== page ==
The council’s online survey is seeking feedback on the proposed vision and the range of library buildings to meet residents’ needs. In addition, the council wants to understand future needs, gauge volunteer capacity and ask whether or not people want to see other services co-located in libraries”.

Councillor Ann Reid, interim executive member for culture, leisure and tourism, said: “It is important that we really understand what residents would like to see for the future of their library services and whether our vision for the service and the buildings is on the right lines. I would urge everyone to take this chance to let us know their views.

“To understand what residents would like to see for the future of their library services and whether our vision for the service and the buildings is on the right lines, please complete the survey before Wednesday 14 February 2018 at Staff at any library or West Offices will be happy to help.”

The motion carried by the Council against Tory opposition said,

“Save our Libraries” say LibDem Councillors

York Council to debate Lib Dem motion to protect city’s libraries

Acomb Explore Library

The Full Council meeting on 26 October is set to debate a Liberal Democrat motion seeking to prevent a reduction in the total number of staffed libraries across the city.

The future of the library service has recently come under the spotlight with the current five year contract with York Explore due to expire on 30 March 2019. The Executive needs to agree the specification for the new contract in March 2018 to allow the council to run a tender process.

There are sixteen libraries in York, in addition to the archives and the mobile library service. The Liberal Democrat motion seeks to ensure that any re-procurement exercise does not lead to a loss of community facilities.

According to figures from Unison, 478 libraries have closed since 2010 and over 8,000 library workers have lost their jobs.

A LibDem spokesman said, “York’s libraries are popular and well-used by residents – in terms of visits by library users the service is in the top 5% of authorities nationally. This is a position we need to maintain, and if possible improve on, for the benefit of residents.

We have supported the transformation of the library service in recent years, and would like to see even more innovation. For example, options could be explored to forge more links with other public services and community groups so that residents gain more from their library visits.

We hope that councillors from all parties will support this motion and send the strongest possible message that York’s libraries are valued and should be protected.”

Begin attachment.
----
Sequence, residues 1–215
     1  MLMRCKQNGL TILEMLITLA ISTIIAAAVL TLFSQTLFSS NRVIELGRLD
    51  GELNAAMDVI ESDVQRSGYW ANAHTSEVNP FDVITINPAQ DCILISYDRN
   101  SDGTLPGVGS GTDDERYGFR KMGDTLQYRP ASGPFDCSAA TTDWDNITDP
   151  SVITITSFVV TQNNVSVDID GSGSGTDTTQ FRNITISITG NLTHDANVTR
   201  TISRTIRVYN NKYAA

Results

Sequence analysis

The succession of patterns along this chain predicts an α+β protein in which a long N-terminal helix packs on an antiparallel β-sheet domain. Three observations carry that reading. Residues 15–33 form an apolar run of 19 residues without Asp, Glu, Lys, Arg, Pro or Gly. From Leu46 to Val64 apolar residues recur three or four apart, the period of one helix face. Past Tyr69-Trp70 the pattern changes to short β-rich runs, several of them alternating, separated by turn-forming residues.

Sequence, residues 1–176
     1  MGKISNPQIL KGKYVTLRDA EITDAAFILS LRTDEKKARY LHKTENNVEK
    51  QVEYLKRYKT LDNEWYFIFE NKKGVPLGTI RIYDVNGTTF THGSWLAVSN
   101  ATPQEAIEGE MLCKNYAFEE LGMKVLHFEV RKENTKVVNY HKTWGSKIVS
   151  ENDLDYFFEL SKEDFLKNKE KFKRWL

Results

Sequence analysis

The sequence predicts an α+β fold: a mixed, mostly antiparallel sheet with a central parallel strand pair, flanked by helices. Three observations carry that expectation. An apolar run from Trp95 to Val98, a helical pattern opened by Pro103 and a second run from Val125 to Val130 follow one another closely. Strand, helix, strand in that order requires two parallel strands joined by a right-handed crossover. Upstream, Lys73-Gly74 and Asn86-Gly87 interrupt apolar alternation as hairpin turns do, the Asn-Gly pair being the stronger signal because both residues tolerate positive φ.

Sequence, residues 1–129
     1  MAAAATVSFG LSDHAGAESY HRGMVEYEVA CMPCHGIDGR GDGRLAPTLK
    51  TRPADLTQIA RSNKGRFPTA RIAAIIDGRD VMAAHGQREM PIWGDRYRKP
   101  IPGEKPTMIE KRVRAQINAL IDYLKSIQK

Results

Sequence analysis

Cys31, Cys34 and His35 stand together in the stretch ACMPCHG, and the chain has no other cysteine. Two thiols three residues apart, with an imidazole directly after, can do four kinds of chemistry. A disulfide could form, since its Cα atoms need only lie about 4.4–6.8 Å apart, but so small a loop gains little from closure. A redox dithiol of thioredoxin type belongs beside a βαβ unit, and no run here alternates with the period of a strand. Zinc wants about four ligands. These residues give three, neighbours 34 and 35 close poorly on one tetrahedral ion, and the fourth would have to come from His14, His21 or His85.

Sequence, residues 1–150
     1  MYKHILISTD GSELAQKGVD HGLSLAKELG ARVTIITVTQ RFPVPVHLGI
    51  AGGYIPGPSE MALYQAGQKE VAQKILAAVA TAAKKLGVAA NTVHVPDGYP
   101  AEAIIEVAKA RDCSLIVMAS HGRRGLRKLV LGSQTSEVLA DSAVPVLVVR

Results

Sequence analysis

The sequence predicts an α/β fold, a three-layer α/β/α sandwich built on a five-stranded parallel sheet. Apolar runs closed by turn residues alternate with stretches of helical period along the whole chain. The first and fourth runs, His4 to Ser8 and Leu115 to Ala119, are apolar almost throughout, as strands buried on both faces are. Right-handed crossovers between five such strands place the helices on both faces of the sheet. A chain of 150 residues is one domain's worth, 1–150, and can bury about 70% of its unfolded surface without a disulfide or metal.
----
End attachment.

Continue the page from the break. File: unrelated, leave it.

The full text of the Liberal Democrat motion:

What’s on in York: BBC Get Creative Weekend!

Here is your chance to join in workshops run by 4 professional local artists in 4 local libraries and loads of creativity for BBC Get Creative Weekend in York.

BBC Get Creative Weekend! – Mosaic workshop with Catherine Boyne-Whitelegg

Date: Fri 7 Apr
Time: 2.00pm – 5.00pm
Venue: Bishopthorpe Library
Cost: Free


BBC Get Creative Weekend! – FELT BROOCHES with Kat Wood

Date: Fri 7 Apr
Time: 2.00pm – 5.00pm
Venue: Fulford Library
Cost: Free


BBC Get Creative Weekend – PAPER MARBLING with Emily Harvey

Date: Sat 8 Apr
Time: 9.30am – 12.30am
Venue: Copmanthorpe Library
Cost: Free


BBC Get Creative Weekend – ORIGAMI with Linda Tomlinson

Date: Sat 8 Apr
Time: 9.30am – 12.30am
Venue: Dunnington Library
Cost: Free


What’s on in York: Discover digital at York Libraries

Discover Digital

Come enjoy a FREE introduction to various digital events over March at various libraries.

Discover Cloud Storage at Haxby Explore Library

Discover Twitter at Poppleton Library

Discover Facebook at Clifton Explore Library

Discover Google Services at New Earswick Library

Discover Microsoft Word at Fulford Library

Discover NHS Online at Strensall Library

Discover which browser is best for you at New Earswick Library

What’s on in York: Grown-Up Crafting

York Explore Library :

Tue 5 Jul :

6.30pm – 7.30pm :

£12 (£10 with a York Card)

July 5_Grown Up Crafting _ImageThe need to craft doesn’t just end when you turn 16! We are inviting you to an evening of grown-up crafting.

There will be four crafts for you to try and take home, as well as our Explore Café Bar and a relaxed, child free environment for you and friends to unwind with a little adhesive spray, pencil crayons and paper folding.

Tickets can be bought online at or at any York library.

10 tickets max.

What’s on in York: Richard Madeley in conversation with Judy Finnigan

Wednesday 6th July 19:00 at York Explore, Museum Square, York,

TV presenter turned author Richard Madeley is heading to York Explore to discuss his work, including new novel, The Night Book – a dark, suspenseful story set in the Lake District in the heatwave summer of 1976.
Richard will be in conversation with his wife, Judy Finnigan.
The event will be followed by a book-signing, where you can have the chance to meet and chat with Richard and Judy.

Please note: This event will take place at York Explore 

Further details: 01904 620784